In doing this, the IPEF seeks to combat many of the practices that the US has accused China of — the exact practices that spurred the trade war in 2018 and are the foundation of this tech war — intellectual property theft, forced labor, unethical use of artificial intelligence and anti-competitive practices.
The framework also looks to set in place a “first-of-their-kind supply chain commitment” among members. Details concerning this supply chain structure are lacking, however, Taiwanese-based semiconductor publication DigiTimes suspects that this may manifest in a formal system in which member countries can access an emergency stockpile of chips. Whichever form this supply chain commitment takes, one thing is clear: China will be locked out of it.
The IPEF is structured in diametric opposition to China’s economic and trade practices. This opens the possibility for the US to insist that member countries place trade or chip restrictions on China, using the IPEF structure as precedent. Since October 7, we have seen countries around the world fall in line with US restrictions and requests from the US to issue their own bans on China, despite the immense economic burden such moves carry. Therefore, using the IPEF to actively mobilize the majority of the Indo-Pacific’s economy against China would be difficult, but not unprecedented.
Currently, China is issuing a lawsuit through the World Trade Organization (WTO) to reverse the US’s October 7 ban. The US issued the chip ban on the grounds of “national security,” insisting that through China’s civil-military fusion, the exported chips were finding their way to the Chinese military, aiding in its modernization and underpinning practices that the US deemed as a national security risk, such as intellectual property theft and economic espionage.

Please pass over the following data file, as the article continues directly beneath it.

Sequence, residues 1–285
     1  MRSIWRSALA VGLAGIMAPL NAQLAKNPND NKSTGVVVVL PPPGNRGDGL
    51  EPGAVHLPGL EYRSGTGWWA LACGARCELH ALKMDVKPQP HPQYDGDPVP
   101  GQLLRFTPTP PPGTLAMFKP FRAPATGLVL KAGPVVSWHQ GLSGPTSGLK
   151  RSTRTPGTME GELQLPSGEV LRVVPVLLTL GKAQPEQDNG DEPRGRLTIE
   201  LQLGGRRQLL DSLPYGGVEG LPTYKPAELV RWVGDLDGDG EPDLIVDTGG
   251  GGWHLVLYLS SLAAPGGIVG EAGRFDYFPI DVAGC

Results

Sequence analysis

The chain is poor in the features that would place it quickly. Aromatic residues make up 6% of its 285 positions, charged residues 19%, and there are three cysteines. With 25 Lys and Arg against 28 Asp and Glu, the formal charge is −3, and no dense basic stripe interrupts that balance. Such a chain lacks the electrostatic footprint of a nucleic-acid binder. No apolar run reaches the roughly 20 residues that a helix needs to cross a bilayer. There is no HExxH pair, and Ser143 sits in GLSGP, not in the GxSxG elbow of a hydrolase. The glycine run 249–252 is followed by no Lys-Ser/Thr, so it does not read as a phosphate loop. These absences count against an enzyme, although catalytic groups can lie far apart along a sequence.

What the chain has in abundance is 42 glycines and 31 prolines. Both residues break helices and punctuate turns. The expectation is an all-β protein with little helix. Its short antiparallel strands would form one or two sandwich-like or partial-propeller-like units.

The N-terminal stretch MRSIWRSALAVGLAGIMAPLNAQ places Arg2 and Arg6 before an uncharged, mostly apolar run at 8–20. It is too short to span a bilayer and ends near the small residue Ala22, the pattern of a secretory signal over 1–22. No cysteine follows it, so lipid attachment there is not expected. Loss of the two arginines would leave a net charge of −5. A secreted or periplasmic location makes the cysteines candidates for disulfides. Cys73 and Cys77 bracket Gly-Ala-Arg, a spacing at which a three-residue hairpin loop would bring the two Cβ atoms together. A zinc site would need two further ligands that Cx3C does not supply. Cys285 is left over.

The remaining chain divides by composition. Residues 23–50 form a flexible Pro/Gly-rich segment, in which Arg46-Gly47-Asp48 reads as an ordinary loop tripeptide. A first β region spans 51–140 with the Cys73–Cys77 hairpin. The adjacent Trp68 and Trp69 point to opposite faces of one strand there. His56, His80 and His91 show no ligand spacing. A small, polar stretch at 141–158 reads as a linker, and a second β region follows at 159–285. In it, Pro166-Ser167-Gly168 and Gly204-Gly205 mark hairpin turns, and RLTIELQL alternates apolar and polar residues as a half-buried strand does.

The WTO has a long history of granting countries permission when issuing a ban on the grounds of national security. However, China is asserting that the US has over-generalized this term, and that the restrictions "threatened the stability of the global industrial supply chain." This effort would have the chance to unravel the entire web of restrictions placed on China, although some find the US’s position in this case to be “ironclad.”
In the event that the lawsuit fails, China will find its domestic semiconductor supply chain backed into a corner. In 2020, Chinese President Xi Jinping rolled out a monumental $1.4T plan to revolutionize China’s technological infrastructure; a national movement which is virtually impossible, given current circumstances. As China’s newly elected congress prepares to start in March and Xi begins his unprecedented 3rd term, Beijing will look for a new way forward amid an increasingly complex gridlock of sanctions.
Secretary of State Antony Blinken is expected to meet with his Chinese counterpart in early 2023. Barring any major changes in the situation, the US will enter negotiations from a position of strength. Perhaps this meeting can yield compromises on both ends and initiate a de-escalation. If not, China will likely have to respond with a significant counterstrike to find any way forward.
Fusion Worldwide will continue to monitor the situation closely and bring you updates related specifically to the semiconductor industry.